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Energy of 3D free electron gas.

  1. Nov 29, 2009 #1
    Hi, I have two questions,

    1. I am reading the book 'Solid State Physics', 1976, by Aschcroft and Mermin. I am reading chapter II about 'The Sommerfeld Theory of Metals'. (I hope anyone here have the same book..)

    I found it hard to figure out one integral on the equation (2.30) on calculation of the 3D electron gas energy density 'E/V' when putting limit V -> infinity.

    My question is why the integration (1/(4*Pi^3)) * integral(dk * (h_bar^2*k^2)/(2*m)) is equal to (1/Pi^2) * (h_bar^2*k_Fermi^5)/(10*m) ? I have tried it but I know that integration of k^2 is (1/3)*k^3, so I don't get it on how to get the result...

    Sorry that I do not know LaTex..

    2. I read on wikipedia. They calculate the total energy by doing integration of Fermi energy over N, which is the total number of electron. My question is, why is it like that? As far as know, not all electrons sit in the same energy level equal to Energy Fermi due to Pauli principle. So it does not make sense to me while the result is correct the the total energy is equal to 3/5 of Energy Fermi times the number of electron. Can anybody here explain it? Source: http://en.wikipedia.org/wiki/Fermi_energy#The_three-dimensional_case

    Many Thanks in advance.
  2. jcsd
  3. Nov 29, 2009 #2


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    Skipping 1 because I don't have the book...

    2: The Pauli principle is neglected. Note that you can have several particles with the same energy if they have different quantum numbers; you're basically approximating/assuming there's an infinite number of available states. More generally you're basically assuming a homogeneous gas of non-interacting electrons.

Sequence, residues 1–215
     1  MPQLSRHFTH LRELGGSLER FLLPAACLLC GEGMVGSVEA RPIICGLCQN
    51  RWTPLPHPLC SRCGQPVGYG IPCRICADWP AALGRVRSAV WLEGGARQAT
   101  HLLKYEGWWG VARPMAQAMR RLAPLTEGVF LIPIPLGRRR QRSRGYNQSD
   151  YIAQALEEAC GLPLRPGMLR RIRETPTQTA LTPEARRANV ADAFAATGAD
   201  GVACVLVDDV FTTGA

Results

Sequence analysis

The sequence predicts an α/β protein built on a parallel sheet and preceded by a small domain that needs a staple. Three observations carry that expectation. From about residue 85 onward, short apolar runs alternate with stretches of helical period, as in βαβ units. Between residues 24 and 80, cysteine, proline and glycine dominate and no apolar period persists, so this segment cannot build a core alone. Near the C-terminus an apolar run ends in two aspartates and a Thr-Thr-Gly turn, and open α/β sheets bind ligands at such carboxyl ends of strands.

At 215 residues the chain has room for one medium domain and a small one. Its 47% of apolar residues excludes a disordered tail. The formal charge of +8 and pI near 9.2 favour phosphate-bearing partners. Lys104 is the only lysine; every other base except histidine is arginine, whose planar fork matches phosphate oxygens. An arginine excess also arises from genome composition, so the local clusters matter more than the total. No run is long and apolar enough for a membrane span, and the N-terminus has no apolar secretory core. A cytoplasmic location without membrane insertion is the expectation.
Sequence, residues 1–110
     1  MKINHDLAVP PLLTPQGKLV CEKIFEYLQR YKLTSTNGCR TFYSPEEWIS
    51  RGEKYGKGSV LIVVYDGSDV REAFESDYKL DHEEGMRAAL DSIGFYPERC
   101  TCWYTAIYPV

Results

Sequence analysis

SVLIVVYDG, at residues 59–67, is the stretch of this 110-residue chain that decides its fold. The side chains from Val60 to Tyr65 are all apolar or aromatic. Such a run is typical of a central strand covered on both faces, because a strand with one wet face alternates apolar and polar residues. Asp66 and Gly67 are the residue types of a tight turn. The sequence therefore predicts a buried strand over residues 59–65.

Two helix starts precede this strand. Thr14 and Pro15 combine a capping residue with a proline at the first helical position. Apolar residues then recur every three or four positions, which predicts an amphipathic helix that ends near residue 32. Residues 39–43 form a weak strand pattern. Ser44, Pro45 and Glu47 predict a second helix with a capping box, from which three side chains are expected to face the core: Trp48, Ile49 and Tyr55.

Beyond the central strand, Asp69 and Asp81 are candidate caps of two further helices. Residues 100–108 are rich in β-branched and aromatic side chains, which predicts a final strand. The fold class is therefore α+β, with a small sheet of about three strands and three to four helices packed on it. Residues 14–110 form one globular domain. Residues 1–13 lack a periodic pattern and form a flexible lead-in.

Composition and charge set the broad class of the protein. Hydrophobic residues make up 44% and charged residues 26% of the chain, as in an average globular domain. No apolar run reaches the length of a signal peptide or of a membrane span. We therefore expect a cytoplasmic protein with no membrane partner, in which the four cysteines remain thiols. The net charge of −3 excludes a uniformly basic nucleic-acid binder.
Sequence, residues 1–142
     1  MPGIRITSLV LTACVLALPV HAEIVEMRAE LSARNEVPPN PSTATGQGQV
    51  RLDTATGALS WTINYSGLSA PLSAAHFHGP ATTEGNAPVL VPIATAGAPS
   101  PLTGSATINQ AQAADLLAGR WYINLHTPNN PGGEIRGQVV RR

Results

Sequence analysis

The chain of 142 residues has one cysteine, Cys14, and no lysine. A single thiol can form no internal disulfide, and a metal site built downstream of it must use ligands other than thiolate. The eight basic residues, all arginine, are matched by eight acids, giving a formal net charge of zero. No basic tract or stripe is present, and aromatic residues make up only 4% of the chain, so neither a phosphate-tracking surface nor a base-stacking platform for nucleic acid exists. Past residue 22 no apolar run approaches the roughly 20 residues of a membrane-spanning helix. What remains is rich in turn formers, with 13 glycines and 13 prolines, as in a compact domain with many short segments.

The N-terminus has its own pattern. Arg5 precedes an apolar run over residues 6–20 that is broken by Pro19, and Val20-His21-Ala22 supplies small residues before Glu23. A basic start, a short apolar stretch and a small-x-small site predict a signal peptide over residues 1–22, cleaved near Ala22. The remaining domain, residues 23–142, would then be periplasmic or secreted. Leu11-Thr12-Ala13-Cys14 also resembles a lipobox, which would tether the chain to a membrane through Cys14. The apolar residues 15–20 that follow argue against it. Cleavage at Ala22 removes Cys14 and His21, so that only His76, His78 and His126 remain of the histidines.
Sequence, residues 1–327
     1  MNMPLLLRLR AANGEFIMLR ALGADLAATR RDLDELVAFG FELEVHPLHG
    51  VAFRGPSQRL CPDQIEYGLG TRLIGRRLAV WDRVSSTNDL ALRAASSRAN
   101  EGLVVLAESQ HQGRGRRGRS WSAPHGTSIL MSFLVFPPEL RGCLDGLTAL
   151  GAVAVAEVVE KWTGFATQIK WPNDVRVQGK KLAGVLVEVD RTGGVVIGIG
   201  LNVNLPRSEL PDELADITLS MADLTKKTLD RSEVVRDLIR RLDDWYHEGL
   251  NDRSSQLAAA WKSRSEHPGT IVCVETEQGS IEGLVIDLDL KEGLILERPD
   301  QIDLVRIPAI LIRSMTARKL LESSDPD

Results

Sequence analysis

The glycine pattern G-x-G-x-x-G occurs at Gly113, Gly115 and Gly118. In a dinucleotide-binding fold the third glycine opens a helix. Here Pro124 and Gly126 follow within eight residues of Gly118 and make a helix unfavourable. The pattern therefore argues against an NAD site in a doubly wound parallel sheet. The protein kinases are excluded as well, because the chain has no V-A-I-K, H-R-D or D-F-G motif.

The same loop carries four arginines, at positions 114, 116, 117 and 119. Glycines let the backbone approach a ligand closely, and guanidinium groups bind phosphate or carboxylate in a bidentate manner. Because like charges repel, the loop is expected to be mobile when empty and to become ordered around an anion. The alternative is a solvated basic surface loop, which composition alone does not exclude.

In a real situation, you have the Pauli principle, electrons interact, and materials are not homogeneous. This is basically the simplest, crudest model you could have. But it does give meaningful results for electrons in a metal crystal. (OTOH this kind of model fails pretty badly - as one would expect - for a molecule or single atom, where the system is not at all homogenous and the number of states is quite small)
  4. Nov 30, 2009 #3
    On 1, I believe the integration factor should be d^3k, since you are looking at a 3 dimensional electron gas. Then you go to spherical coordinates, since the kinetic energy depends only on the magnitude of k, and use the transformation d^3k = 4*pi*k^2*dk.
  5. Nov 30, 2009 #4
    Thanks .. you are right .. it is clear for me now. I was puzzled because of it for two days until now. xD

    So the Pauli principle is neglected by saying that we are assuming there are infinite number of states that can be occupied by electrons? Is it because of the distance between the allowed k values is too small?

    So, this means that it is allowed for an electron to have energy equal to energy Fermi when T = 0 ? I always thought that it is the limit, so electrons' energy are always smaller than Fermi Energy...
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